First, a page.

Spinal injuries should be treated with extreme care to prevent further injury. Symptoms include pain and stiffness in the neck or spine, inability to move arms or legs, tingling or numbness in arms or legs, inability to wiggle the toes, inability to feel the soles of the feet being touched, and loss of bladder or bowel control. If you suspect a victim might have a spinal injury but aren’t sure, treat it as a spinal injury.
Tell the victim not to move. If the victim is sitting up, support his or her head between your arms & gently lean the victim backward, making sure you keep the head & neck immobilized. Do not remove a helmet. If you must go for help, stabilize the head on both sides with objects.
Do not move the victim unless it is absolutely necessary for safety reasons, like if the victim is in dangerous place. In most cases, you should just stabilize the victim & wait for professional help to arrive.
Broken or Dislocated Bones
Broken or dislocated bones are serious medical conditions that require professional medical attention. The first aid procedures are similar for both emergencies.
A broken bone is also called a fracture, and is defined as an injury where the tissue of a bone is disrupted. Fractures are classified into two types. Simple, also known as closed, fractures are when the skin is not punctured as a result of the break. Compound, or open, fractures are when the break is severe enough to displace and break the skin. A compound fracture can become infected more easily than a simple fracture, and extra precautions, such as not breathing or coughing on the wound, should be taken when giving first aid to a victim of a compound fracture.
A dislocated bone is defined as the displacement of any body part from its normal location. It is often hard for a person without medical training to distinguish between a dislocated and broken bone.
The symptoms, which are similar for both broken and dislocated bones, include:
A visibly misshapen or out of place limb or joint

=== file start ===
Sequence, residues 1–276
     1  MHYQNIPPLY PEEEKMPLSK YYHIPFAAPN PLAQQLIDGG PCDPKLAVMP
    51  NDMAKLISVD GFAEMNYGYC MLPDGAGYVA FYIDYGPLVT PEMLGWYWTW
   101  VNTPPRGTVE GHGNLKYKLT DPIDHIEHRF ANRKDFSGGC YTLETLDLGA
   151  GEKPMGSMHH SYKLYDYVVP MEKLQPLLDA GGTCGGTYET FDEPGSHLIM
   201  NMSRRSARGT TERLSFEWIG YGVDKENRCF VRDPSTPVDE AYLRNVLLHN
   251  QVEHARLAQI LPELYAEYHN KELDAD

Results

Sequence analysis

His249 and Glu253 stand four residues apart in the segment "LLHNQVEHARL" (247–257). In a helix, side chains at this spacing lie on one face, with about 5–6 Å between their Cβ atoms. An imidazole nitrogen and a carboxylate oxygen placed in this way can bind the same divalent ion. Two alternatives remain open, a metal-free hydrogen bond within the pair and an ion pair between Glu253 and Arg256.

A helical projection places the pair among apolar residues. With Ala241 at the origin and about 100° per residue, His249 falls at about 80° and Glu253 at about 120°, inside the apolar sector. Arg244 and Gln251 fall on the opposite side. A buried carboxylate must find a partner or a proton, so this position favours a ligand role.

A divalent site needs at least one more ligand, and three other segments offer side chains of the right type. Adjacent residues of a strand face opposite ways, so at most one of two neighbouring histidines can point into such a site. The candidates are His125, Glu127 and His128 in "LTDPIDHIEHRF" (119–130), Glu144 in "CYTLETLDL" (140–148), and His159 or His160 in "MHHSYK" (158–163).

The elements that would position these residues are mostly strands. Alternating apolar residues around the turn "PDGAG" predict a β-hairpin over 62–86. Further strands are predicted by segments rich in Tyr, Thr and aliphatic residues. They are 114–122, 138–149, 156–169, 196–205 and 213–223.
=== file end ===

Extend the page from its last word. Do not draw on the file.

Swelling and bruising in the wounded area
Limitation of movement
The sensation of grinding when the injured part is moved
Paleness in the victim
If the victim is found lying down unconscious, first check the airway, breathing and circulation to assess whether CPR is needed.
If they are awake, try to calm the victim verbally. Discourage movement of any kind.
Diagnose the problem. If it is determined that the victim has either a broken or dislocated bone, never attempt to either "test" or straighten the misshapen bone or joint. If the victim is a young child, assume it is a broken or dislocated bone if the child cannot move the broken part or if they continue to cry when the wounded area is touched.
Cover any open wounds with clean cloth or a sterile bandage and raise the injury above the level of the heart, if possible. Never try to close a wound by trying to replace the displaced bone.
Do not move the victim unless the injured part is completely immobilized. If the injury is to the hip, pelvis or upper leg, do not move the victim unless it is absolutely necessary.
Use a splint or sling to stabilize and immobilize the injured area. A splint can be made from boards or sticks, and a sling can be made from clothing. Make sure splints extend beyond the injured area to prevent movement. The injured part can also be immobilized by taping it to an uninjured body part. Secure the splint with ties such as belts, tape, cloth strips or a necktie.
Continue to monitor circulation until medical help arrives.
Ice can be applied to the injury to ease pain and swelling.
To help prevent shock, lay the victim flat and cover with a coat or blanket. Continue to calm the victim verbally.
Sprains are a sudden or violent twist or wrench of a joint beyond its normal range that results in a stretching or tearing of the joint's ligaments. Sprains are a common injury, and the most frequently sprained part of the body is the ankle. It is estimated that there are 27,000 ankle sprains in the United States everyday. Other areas commonly sprained are the wrist, knee, finger and toe.
Sprains can happen while playing sports or as easily as landing awkwardly while stepping off a curb. Even though sprains are often quite painful, they usually do not require professional medical attention to heal properly. When giving aid to a person with a sprain, call for emergency medical assistance if a broken bone is suspected or if there is an audible popping sound and the victim has difficulty in using the joint.